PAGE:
steveegg on January 29, 2011 at 12:10 PM

I wish these international statists and marxists would make up their mind. On the one hand, they blame the US and our economic system for all the ills in the world and when we try to destroy it, they tell us to be more responsible so they can get more of our money and save their sorry asses…again.

Well, which is it?

RadClown on January 29, 2011 at 12:11 PM

Ed, enjoy San Diego! It’s beautiful there; Mr. PPF and I wanted to go back this year for a conference/seminar towards his license to practice; work won’t pay for continued education/licensing anymore *sigh*.

ProudPalinFan on January 29, 2011 at 12:13 PM

Is Obama/Bernanke/Geithner’s Policy of exporting inflation to “kick start” the U.S. economy the cause of the uprising in the Middle East? The people of the Middle East see food and energy rising and they cant survive any more. Now the Islamist will take advanatage of it and install a Theocratic Islamic Republic? This is our President’s policy? Is this dangerous when it comes to the national sercurity of America? He tells the Egyptian Gov. what to do with the issue of freedom and the people’s rights in Egypt, knowing that this action will put the Muslim Brotherhood in power and take control of the Gov.? And now please, someone tell me why he was silant when it came to the Irianian uprising. Was his silent because he did not want democratic reform in Irian? If so why? Please, some one tell me the answers.

casey92 on January 29, 2011 at 12:13 PM

IMF managers weren’t impressed with Obama’s SOTU speech? But they were totally agog with the Tuscon Memorial speech just like all the FNC analysts, I bet. My question is: are Obama and the Dems just stupid- literally, or are they desiring to take America, and by extension the world, down in flames as punishment rather than admit socialism doesn’t work? What do other readers here think?

JimP on January 29, 2011 at 12:20 PM

Why don’t the PRs, the Crrs , and the Sesquis join in on these discusssions? hmmmm. /

CWforFreedom on January 29, 2011 at 12:27 PM

WE borrow $ to lend $ & then get called out for our debt. It would be a good Monty python skit but unfortunately it’s for real.

I think we should pre emptively declare a jubilee. We all know it’s not going to end well the way things are. The 1st Country to renege and start over would be in the best position no?

America1st on January 29, 2011 at 12:35 PM

Wait.. we borrow from the IMF? and the IMF is warning the US to get our debt under control?

I thought we fund the IMF.

Skandia Recluse on January 29, 2011 at 10:48 AM

Given how Freddie Mac and Fannie Mae have worked for decades, I’m sure that when it comes to the IMF, we can do both.

gryphon202 on January 29, 2011 at 12:51 PM

This is the really big dogs speaking through their underlings, hey you jackasses are endangering our money now, knock it off!

Yours and my money, already flushed, we’re flushing seed now.

we’re at the point of no return, only the most emergency funding should be set aside, the rest gets the executioners axe and the seed money that’s waiting gets received with only the most loving moratorium on taxes and ultra business friendly environment imaginable. The seed has to sprout, period.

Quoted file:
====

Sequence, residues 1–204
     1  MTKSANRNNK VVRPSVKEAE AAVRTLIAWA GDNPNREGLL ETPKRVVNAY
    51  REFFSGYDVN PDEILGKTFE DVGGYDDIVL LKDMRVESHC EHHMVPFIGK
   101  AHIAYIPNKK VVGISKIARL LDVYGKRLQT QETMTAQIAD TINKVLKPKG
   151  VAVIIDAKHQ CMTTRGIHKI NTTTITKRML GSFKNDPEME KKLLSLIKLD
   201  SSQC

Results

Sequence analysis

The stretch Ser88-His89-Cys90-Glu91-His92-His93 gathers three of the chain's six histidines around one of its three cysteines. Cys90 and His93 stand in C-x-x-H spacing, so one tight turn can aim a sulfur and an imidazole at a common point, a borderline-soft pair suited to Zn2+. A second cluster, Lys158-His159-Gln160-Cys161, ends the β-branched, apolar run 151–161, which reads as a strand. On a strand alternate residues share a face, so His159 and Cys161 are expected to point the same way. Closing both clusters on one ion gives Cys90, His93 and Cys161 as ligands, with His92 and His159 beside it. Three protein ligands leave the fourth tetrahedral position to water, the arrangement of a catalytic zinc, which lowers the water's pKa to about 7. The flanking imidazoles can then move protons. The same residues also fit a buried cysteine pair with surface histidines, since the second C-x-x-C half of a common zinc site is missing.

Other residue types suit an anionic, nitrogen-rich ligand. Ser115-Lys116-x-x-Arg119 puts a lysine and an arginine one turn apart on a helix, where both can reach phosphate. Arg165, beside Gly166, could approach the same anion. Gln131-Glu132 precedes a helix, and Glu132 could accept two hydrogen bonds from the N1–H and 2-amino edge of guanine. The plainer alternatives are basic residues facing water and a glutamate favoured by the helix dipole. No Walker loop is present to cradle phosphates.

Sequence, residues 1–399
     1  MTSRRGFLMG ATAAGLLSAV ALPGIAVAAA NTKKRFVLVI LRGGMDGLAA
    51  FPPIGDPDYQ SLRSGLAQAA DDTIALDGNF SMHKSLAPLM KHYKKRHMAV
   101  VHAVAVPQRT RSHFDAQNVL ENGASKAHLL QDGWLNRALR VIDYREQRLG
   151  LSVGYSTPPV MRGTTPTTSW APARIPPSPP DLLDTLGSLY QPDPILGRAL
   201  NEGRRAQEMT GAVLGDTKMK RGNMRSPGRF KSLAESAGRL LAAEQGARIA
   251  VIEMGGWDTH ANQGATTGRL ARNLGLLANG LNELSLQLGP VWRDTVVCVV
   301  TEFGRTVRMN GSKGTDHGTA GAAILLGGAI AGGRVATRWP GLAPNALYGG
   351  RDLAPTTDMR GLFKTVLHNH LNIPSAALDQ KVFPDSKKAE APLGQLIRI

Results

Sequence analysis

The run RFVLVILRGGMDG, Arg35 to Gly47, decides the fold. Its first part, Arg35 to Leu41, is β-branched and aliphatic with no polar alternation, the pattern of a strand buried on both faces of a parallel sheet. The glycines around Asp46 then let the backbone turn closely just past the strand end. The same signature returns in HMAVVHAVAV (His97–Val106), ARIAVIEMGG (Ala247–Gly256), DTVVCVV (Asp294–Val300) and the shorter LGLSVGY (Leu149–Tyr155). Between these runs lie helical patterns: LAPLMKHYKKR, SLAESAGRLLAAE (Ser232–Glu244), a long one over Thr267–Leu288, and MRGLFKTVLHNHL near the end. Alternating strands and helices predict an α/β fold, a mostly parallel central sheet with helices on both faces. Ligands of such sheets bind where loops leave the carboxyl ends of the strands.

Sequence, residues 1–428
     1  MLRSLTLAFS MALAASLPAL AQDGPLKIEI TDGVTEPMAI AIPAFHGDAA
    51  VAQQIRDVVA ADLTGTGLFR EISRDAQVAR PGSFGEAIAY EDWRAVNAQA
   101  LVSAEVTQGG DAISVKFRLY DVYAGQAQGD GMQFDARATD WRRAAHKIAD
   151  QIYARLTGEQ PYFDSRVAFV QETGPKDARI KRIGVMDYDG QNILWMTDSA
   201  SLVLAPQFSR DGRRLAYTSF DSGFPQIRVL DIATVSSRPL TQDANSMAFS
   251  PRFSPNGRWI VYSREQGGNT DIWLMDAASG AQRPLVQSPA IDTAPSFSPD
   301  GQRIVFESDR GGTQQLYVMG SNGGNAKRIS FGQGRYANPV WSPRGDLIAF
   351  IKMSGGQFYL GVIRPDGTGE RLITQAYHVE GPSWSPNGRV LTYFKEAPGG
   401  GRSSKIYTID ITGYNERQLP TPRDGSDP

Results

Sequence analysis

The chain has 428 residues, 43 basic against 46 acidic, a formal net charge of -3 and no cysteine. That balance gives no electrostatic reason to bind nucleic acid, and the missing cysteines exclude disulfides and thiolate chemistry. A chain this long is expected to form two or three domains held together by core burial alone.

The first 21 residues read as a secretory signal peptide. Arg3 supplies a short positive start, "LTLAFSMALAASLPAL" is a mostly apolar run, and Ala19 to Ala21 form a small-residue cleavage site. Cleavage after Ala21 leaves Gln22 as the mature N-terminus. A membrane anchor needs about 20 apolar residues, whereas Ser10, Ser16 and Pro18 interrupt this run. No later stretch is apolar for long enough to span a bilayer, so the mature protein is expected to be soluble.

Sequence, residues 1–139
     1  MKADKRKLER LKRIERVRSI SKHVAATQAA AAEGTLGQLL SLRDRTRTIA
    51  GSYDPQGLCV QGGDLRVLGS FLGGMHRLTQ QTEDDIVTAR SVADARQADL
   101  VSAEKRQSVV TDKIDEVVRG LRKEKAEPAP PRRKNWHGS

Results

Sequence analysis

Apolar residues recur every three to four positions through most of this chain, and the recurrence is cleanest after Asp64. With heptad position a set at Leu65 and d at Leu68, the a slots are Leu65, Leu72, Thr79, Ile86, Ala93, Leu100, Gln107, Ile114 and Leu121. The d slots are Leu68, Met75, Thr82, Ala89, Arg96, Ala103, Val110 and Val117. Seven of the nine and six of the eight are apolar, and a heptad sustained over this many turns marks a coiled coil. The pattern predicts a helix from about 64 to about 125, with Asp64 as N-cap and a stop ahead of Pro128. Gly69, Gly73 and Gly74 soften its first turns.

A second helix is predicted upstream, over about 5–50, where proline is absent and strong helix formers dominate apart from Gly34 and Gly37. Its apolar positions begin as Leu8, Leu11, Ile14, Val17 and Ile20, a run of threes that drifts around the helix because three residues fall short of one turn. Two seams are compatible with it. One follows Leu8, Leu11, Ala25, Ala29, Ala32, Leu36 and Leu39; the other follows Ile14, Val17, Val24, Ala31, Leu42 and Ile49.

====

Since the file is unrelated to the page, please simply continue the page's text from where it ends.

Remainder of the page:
We’re there now folks, its not socialist play time anymore, there’s no debt fairy to come rescue us like we have for everyone else.

Speakup on January 29, 2011 at 12:55 PM

a task accomplished with around $7 billion from the US

Paid for with debt!

Stop spending now! No more money for external US interests.

Dandapani on January 29, 2011 at 1:11 PM

When Europe lectures us on entitlement cuts and reform, chances are we might actually be in trouble and should listen.

Koa on January 29, 2011 at 3:01 PM

WE borrow $ to lend $ & then get called out for our debt. It would be a good Monty python skit but unfortunately it’s for real.

Yes, it is the three-card monte (python) card game brought to you by ObaMao, Geithner, and Bernanke.

onlineanalyst on January 29, 2011 at 4:54 PM

OK who are those protesters in the pic?
I see the commie hammer & sickle on their banner.
Who are these people?

Badger40 on January 29, 2011 at 5:32 PM

Its over, we just dont know it. About the time some cuts actually kick in and nibble at the debt, the annual deficits and THEN, THEN interest rate rise will negate even massive draconian cuts……

sbark on January 29, 2011 at 6:51 PM

“Don’t be silly. Beijing will bail us out.”

AshleyTKing on January 29, 2011 at 7:13 PM

Why don’t the PRs, the Crrs , and the Sesquis join in on these discusssions? hmmmm. /

CWforFreedom on January 29, 2011 at
Because-Common sense, financial acumen, are way over trolls pay grade,trolls are paid with dogie treats thrown from the bridge.

Col.John Wm. Reed on January 29, 2011 at 8:34 PM

Yours and my money, already flushed, we’re flushing seed now.
The seed has to sprout, period.

We’re there now folks, its not socialist play time anymore, there’s no debt fairy to come rescue us like we have for everyone else.

Speakup on January 29, 2011
GOOD POINT.
The morons in bommas outfit would kill potted plants,no concept of agriculture at all. Milk come from bottles and cotton grows in the aspirin bottle,has to the seeds are white.

Col.John Wm. Reed on January 29, 2011 at 8:39 PM